Niamh Horan: 'We were victims of our own success': CU board member
The plush penthouse of Newbridge Credit Union seems a world away from its community roots, says Niamh Horan
The views stretch as far as the Hill of Allen to the front, and to the Wicklow hills from behind.
Plush black leather furniture and blue carpeted flooring finish off the executive look. "The best of the best", is how one of the lucky few to have seen the inside describe it. This is Newbridge Credit Union's luxury "VIP suite", where, at the height of the boom, the big customers were invited and loans were signed off.
Looking up at the penthouse floor from the public concourse is futile – blacked-out windows shield it from the local customers below.
Down here, it's all about the community.
Black-and-white pictures of Newbridge from times gone by adorn the walls: the local parish church, shops on the main street before the big developments spread, give that much-needed neighbourhood feel as customers queue up with their deposit books.
But the two levels are worlds apart.
"It was once described as the finest credit union in the country, soon it will be the finest dole office in the country," observed one local, as word of future plans for the building trickle through the town.
After a €54m bailout and news that the credit union had granted one loan of €3.2m and 26 loans over €550,000, people are asking: how could this have happened?
The board of directors has been hammered on the local airwaves and in the press. They all live locally in modest houses and some invited the Sunday Independent inside their homes on the assurance of anonymity.
"It's been the worst week of my life," said one craning over the radio to hear the latest rant. "I dedicated my life to working for the credit union. Everything. It's all gone."
Speaking from the kitchen where they have been fending off calls from the media, this is a board member is who was responsible for putting pen to paper on some of the biggest loans.
Why sign off?
"We were victims of our own success," the board member tells me, "in 10 years, the number of members doubled. The savings grew and grew. There were plenty of people who had over €1m in savings. And more and more people were coming to us. So what were we to do? We had all this money flooding in, the dividends were better than anywhere else. We had two choices: invest it or lend it out to people and get far more return off it? So we lent it.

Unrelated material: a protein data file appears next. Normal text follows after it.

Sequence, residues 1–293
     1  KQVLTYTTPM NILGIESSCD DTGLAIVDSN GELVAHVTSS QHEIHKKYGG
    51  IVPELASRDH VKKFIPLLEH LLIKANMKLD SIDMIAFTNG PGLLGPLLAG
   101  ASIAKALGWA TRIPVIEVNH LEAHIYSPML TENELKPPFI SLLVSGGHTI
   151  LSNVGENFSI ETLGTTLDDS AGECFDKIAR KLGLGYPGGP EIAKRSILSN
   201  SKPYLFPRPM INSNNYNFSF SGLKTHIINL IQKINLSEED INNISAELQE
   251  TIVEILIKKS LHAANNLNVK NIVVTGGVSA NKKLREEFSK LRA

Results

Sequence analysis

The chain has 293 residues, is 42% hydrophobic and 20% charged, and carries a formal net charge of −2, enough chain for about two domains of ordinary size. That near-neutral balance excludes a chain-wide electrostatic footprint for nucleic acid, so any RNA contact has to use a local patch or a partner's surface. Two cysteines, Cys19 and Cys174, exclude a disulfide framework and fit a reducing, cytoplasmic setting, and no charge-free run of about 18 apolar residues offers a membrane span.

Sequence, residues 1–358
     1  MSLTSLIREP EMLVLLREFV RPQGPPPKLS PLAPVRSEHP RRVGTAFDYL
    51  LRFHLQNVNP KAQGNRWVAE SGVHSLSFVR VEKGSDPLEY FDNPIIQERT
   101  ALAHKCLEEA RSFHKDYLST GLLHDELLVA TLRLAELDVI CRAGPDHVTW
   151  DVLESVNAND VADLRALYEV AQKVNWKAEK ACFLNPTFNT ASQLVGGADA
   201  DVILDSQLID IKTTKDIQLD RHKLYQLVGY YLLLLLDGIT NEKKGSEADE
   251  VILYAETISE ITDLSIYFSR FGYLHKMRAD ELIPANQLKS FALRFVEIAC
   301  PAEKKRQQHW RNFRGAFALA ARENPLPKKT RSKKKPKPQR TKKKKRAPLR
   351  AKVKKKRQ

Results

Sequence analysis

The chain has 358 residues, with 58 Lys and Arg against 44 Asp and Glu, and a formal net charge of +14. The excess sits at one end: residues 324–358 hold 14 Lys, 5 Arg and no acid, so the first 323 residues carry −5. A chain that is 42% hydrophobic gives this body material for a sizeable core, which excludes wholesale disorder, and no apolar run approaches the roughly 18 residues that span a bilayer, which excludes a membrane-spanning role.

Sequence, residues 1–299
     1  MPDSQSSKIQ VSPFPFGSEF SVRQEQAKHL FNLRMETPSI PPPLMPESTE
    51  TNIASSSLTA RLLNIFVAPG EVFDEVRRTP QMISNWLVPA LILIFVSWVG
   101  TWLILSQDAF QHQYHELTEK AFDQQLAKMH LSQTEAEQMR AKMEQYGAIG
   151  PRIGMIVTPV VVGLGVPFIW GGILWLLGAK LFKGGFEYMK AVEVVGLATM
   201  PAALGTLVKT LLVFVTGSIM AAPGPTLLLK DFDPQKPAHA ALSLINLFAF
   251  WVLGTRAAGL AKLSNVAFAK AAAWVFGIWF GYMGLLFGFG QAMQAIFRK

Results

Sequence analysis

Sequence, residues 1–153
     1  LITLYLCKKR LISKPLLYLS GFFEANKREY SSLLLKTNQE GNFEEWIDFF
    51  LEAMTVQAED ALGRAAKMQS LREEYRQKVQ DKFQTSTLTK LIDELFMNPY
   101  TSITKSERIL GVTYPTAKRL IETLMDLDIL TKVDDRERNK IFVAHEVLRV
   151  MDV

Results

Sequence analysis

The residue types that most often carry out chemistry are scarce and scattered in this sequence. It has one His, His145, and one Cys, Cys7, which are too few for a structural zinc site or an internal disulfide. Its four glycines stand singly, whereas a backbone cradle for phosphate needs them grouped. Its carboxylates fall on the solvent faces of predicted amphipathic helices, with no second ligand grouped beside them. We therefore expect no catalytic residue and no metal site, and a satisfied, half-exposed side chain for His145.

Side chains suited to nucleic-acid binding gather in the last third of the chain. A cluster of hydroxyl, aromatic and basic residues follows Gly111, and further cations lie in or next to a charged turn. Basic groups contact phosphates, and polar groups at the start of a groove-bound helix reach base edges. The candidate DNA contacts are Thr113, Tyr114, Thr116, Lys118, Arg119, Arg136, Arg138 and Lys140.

"We didn't hide anything, everything was above board. Every quarter the Central Bank was sent the top 10 savings and top 10 loans. Everyone knew what was going on."
Did anyone shout stop?
"At some of the board meetings, yes, it would be fair to say that once or twice someone would say 'well that's getting pretty big' (when loan requests came in). But then we had the guarantees from borrowers; and they were continuing to pay back their loans. They had proven themselves to us."
For years, the credit union had a limit on borrowings – an individual could only get access to the equivalent of three times their savings. "But all that changed," says another board member. "There wasn't a set mark where it changed in the rule book, but people's ability to pay back was expanding all the time and so we took that into account. It's easy to point fingers at us in hindsight."
Speaking about the building itself, he explains: "We paid every cent up front for the building as it was being built. And the only reason we bought the extension was because we were afraid a local builder was going to swoop in and buy the site. He had built everything around us. We were only thinking of the future. People forget that we did all this for nothing. We were all volunteers."
So why dedicate so many years of your life to something, if you weren't getting paid for it?
His face screws up, looking like the answer should be obvious: "We did it because we loved it. Because it was giving something back to the town too."
Last week the only thing locals wanted to know was the mystery man behind the €3.2m loan.
Names of big local builders are scattered around like feathers. They gather in circles after Mass exchanging the latest information.
Sitting in his living room, a former board member who retired before the boom years, has tears in his eyes: "I remember the original founding member Thomas Fogarty used to cycle in two miles every Friday night to give tea and biscuits to everyone who was staying late to work around the clock. For years the credit union was for the little people. For the everyday.
"I remember the manager going in late one night to sign off on a loan for a widow who needed to bury her husband. She needed the money before the weekend. That was the credit union at its best," he says proudly. "Now look at what has happened. The banks were there to give loans to the big guys. These big borrowers, they should never have put their hands in the pockets of their neighbours and that's what happened. Thomas Fogarty would be turning in his grave."